So I need a new car, and ideally the same one. A late ‘00s Sienna. I’ve got the $3,100 from the total loss settlement, and can probably put together a few grand more, but that’s about where my budge taps out. And I’m extremely leery about taking out any kind of loan, though I’m willing to if absolutely necessary.
Budget: From $3,100 to $5,000 maybe a tad more
Daily Driver: Yes
Wants: Ideally another van just like it
Doesn’t want: Something too expensive
Wow, Isi, that really sucks about your van! Those older Siennas are known to run forever. I’m sure yours would have, too, had it not met its tragic end. Finding a similar replacement that isn’t rusted to hell in the Minneapolis region is a challenge, so perhaps it’s time to change it up a bit and maybe upgrade to something a tad nicer. Also, sometimes it can be best not to try and replicate your old car because the next one often will never live up to the original.
The Ford Flex is Dearborn’s best take on a minivan that isn’t actually a van, but these are roomy with three rows of seating and make for great long-distance cruisers. They are also fairly reliable and easy to service. There are a number of Flexes available in the region, though I would try to avoid the corner used car lots where “Your job is your credit!” This 2009 example falling right within your budget zone. You will even get leather seats and all-wheel-drive, upgrades that come in handy during Midwest winters.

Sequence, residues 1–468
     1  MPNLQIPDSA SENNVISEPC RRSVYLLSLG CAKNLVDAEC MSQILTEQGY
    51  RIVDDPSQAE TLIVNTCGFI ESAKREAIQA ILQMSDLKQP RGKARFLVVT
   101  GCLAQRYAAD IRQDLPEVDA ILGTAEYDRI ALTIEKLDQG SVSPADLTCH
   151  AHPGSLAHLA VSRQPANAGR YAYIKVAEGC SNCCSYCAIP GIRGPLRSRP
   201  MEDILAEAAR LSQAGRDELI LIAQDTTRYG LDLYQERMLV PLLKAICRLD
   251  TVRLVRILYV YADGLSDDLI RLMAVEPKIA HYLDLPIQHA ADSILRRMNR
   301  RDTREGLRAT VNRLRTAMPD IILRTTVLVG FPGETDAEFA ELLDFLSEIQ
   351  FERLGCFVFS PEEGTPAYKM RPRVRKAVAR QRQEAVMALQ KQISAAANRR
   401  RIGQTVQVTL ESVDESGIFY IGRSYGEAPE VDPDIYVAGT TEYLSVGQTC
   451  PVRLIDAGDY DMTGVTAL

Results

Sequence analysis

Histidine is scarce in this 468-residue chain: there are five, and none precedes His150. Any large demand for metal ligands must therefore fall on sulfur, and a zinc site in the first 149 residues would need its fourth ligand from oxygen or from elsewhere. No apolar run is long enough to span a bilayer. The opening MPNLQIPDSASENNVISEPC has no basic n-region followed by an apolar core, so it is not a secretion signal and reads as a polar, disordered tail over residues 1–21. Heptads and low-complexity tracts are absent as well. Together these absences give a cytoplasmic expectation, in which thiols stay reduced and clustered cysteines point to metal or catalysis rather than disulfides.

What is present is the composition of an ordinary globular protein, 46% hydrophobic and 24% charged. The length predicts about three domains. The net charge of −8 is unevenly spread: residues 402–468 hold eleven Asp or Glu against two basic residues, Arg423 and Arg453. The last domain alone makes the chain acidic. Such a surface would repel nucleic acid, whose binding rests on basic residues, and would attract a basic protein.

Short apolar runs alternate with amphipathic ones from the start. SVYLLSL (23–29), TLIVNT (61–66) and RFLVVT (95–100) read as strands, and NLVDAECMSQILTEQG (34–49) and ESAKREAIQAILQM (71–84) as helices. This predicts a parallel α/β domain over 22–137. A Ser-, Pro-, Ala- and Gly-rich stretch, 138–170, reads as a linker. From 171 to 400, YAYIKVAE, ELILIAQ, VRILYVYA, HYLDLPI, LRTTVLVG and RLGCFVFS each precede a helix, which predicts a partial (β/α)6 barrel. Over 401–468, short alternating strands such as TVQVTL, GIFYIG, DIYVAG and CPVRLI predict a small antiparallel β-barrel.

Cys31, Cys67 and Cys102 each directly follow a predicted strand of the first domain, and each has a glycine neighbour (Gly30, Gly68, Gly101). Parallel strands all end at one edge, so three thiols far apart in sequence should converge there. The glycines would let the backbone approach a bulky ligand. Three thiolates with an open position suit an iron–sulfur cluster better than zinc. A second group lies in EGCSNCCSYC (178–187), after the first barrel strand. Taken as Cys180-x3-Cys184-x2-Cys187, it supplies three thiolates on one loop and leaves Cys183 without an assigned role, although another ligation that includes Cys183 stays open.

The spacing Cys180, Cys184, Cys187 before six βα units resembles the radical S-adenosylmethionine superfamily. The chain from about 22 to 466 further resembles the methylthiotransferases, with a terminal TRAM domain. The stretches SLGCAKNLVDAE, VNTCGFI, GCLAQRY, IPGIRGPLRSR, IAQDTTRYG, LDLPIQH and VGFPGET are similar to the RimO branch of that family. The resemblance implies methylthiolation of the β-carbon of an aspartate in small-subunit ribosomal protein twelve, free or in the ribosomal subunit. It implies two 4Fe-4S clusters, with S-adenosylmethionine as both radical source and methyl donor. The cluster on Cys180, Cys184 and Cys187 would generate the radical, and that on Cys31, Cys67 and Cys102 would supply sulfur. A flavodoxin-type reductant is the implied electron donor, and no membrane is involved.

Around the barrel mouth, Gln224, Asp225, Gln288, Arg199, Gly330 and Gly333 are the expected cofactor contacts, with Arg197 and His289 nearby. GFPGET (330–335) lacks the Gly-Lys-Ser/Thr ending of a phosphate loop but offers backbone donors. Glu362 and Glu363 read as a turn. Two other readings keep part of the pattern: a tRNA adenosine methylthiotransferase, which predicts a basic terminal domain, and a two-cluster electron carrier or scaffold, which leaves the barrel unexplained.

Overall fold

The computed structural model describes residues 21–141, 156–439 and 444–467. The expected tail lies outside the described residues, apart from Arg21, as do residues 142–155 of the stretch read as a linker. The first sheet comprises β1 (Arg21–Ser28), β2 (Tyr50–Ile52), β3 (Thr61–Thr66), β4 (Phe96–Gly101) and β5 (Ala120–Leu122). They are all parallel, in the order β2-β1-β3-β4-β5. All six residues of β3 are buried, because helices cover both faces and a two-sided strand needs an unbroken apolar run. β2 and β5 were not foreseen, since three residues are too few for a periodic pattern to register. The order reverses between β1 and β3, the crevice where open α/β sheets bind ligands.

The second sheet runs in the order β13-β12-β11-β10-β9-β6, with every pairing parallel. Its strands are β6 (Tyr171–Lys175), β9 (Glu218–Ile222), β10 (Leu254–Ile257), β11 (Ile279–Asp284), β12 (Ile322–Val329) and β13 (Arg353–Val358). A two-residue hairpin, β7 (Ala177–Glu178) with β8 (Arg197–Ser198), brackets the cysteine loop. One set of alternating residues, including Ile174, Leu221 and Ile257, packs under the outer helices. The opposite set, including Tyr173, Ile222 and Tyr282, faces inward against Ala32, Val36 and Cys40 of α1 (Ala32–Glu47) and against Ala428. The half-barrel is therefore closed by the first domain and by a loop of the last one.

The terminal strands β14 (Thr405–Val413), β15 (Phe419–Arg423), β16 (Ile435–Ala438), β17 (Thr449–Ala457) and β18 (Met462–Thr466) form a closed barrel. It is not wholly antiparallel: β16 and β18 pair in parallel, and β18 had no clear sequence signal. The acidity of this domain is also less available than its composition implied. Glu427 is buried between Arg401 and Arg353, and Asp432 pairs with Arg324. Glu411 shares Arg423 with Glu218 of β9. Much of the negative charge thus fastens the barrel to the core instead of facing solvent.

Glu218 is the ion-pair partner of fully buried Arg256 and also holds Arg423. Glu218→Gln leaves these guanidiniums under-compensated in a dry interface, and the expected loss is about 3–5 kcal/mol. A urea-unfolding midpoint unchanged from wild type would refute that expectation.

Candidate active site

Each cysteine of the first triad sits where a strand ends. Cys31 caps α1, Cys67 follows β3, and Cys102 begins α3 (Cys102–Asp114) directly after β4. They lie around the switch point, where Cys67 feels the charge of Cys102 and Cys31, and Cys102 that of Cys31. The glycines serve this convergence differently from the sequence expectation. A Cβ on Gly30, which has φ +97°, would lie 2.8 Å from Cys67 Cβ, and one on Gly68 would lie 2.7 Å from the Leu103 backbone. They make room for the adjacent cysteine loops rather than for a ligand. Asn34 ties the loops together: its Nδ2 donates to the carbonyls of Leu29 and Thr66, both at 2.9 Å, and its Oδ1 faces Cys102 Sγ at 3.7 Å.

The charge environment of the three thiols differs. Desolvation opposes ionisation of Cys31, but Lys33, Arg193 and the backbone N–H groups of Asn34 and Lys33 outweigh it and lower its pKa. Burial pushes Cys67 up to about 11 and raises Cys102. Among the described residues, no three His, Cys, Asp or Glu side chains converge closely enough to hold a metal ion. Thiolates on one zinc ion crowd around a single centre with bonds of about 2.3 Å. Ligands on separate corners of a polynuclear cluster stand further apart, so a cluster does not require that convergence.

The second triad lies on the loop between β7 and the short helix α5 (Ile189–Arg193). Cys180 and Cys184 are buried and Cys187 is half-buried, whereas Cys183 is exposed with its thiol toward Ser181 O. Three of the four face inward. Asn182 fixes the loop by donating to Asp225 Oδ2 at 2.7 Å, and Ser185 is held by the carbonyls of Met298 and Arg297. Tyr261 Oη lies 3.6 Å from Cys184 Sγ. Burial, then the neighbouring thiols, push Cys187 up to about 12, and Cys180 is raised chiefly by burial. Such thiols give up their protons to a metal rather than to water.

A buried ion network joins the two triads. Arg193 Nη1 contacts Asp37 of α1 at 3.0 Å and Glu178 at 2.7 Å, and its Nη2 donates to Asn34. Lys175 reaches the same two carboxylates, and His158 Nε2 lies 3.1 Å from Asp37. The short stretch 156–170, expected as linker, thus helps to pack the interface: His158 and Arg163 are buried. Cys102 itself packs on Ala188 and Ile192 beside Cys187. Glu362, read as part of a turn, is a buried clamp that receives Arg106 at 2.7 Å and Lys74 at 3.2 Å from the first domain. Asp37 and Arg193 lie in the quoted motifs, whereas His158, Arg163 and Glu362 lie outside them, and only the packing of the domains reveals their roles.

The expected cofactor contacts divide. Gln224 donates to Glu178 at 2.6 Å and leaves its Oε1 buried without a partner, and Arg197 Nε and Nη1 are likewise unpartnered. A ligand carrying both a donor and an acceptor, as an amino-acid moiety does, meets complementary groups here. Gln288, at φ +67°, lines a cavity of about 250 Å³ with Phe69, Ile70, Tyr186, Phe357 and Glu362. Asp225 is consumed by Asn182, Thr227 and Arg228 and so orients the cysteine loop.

That sounds like a rough time Isi, and I’m sorry about your Sienna. I agree with Tom, though, that it may be time to try something else out. In keeping with the theme of cars that are van-adjacent, I will recommend the Mazda5.
We referred to this Mazda as the mini-minivan in the past because it takes the winning formula of a minivan and shrinks its proportions down to produce a magical, car-based, road-going home that will comfortably fit a good amount of passengers and will do so with car-like handling.
The Mazda5 rides on the same platform as the Mazda3. It has good reliability and ease-of-ownership, like the 3. Unlike the 3, it has sliding doors and good visibility. It also doesn’t really call too much attention to itself ... well, at least not until you stare at it hard and begin to realize that a mini-minivan is almost cool enough to replace the wagon as the king of the road-trip.